Noble surnames, such as lamirande, evoke images of the ancient homeland of the Spanish people. The original bearer of the name lamirande, which is a local
surname, once lived, held land, or was born in the beautiful region of Spain
. In Spain
, hereditary surnames
were adopted according to fairly general rules and during the late Middle Ages, names that were derived from localities became increasingly widespread. Local
names originally denoted the proprietorship of the village or estate. Many Spanish local names reflect Arabic words or place-names because Spain
was conquered by the Muslim Moors
from the 8th to 12th centuries. The lamirande family originally lived in one of the provinces of Oviedo, Lugo, Segovia, and Santa Cruz de Tenerife which is derived from the Spanish word marin, which means height or elevated position.
Early Origins of the lamirande family
The surname lamirande was first found in Asturias
, birthplace of the Christian Reconquest of Spain
from the Muslims.
Early History of the lamirande family
This web page shows only a small excerpt of our lamirande research.Another 143 words (10 lines of text) covering the years 1041, 1677, 1749, 1481 and 1558 are included under the topic Early lamirande History in all our PDF Extended History products and printed products wherever possible.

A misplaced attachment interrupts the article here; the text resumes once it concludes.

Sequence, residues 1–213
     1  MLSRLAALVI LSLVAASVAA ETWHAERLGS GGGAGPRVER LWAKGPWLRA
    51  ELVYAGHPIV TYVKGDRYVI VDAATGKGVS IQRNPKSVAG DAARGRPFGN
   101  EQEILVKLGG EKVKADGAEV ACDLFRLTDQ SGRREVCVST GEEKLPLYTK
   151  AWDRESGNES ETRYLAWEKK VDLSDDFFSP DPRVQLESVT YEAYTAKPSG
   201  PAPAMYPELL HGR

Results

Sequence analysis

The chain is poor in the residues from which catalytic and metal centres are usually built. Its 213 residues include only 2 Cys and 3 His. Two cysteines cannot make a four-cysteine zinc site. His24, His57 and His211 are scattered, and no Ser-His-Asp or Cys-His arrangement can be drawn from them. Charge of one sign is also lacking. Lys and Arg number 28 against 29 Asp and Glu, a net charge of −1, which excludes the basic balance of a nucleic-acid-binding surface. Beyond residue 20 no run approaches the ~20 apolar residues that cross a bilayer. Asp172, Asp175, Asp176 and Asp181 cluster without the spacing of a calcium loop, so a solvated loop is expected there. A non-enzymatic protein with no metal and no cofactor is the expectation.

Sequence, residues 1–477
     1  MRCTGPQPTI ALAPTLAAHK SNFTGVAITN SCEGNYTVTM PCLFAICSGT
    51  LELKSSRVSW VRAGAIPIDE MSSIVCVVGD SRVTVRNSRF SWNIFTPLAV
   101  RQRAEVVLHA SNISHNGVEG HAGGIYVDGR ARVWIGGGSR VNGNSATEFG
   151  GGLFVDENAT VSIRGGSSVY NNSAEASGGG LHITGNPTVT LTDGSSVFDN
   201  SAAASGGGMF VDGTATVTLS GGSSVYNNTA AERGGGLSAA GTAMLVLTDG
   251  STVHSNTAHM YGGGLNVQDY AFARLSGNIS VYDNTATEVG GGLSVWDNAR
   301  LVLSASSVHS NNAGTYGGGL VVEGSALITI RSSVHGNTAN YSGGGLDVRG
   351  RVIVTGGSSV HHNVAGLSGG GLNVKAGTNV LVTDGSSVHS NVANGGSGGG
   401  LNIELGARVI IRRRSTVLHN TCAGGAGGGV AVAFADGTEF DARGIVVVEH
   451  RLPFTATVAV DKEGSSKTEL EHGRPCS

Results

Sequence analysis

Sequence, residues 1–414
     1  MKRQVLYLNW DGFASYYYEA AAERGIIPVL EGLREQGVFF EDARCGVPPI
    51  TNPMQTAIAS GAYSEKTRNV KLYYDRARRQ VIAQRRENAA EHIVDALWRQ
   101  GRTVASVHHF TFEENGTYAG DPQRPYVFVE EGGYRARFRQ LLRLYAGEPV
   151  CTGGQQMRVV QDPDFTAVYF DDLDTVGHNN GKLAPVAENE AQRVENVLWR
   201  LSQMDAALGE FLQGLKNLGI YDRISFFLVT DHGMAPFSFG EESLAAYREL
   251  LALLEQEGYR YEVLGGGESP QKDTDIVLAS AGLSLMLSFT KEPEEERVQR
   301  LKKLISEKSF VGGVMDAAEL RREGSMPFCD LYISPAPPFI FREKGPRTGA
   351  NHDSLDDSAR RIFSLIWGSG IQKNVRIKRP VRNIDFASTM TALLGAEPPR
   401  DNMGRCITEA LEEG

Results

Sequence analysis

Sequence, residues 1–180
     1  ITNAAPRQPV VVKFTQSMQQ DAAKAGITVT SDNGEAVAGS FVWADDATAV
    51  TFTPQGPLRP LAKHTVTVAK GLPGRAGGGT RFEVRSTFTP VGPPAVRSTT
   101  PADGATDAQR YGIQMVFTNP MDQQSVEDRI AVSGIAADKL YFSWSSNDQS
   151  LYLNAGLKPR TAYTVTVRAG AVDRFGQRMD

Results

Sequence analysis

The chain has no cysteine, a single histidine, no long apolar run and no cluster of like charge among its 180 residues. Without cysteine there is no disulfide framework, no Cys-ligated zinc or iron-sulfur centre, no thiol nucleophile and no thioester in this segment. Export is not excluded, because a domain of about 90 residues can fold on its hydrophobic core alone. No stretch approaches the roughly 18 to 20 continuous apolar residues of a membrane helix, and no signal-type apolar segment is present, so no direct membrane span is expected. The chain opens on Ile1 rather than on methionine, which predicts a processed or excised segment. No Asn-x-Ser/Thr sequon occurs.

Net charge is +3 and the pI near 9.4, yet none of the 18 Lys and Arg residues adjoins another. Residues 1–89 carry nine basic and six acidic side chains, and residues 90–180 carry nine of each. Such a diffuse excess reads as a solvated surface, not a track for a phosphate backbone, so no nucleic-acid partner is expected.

lamirande Spelling Variations
of this family name include: Miranda, de Miranda, Mirandas, de Mirandas, de las Mirandas, Mirando and many more.
Early Notables of the lamirande family (pre 1700)
Prominent among members of the family were nineteenth century Venezuelan patriot Francisco de Miranda, who fought with Simón Bolívar for independence from Spain; Juan García de Miranda... Another 27 words (2 lines of text) are included under the topic Early lamirande Notables in all our PDF Extended History products and printed products wherever possible.
Migration of the lamirande family to the New World and Oceana
Some of the first settlers of this family name or some of its variants were: Luis de Miranda, who accompanied Pedro de Mendoza to the Río de la Plata in 1534. He was present at the founding of Buenos Aires in 1536; and subsequently journeyed to Asuncion in Paraguay. He wrote a historical poem about the events that he had witnessed, making him one of the very first European poets of the New World. Another interesting chapter of family history dates from this same period, and illustrates the dangers of frontier life in the Americas: Lucí.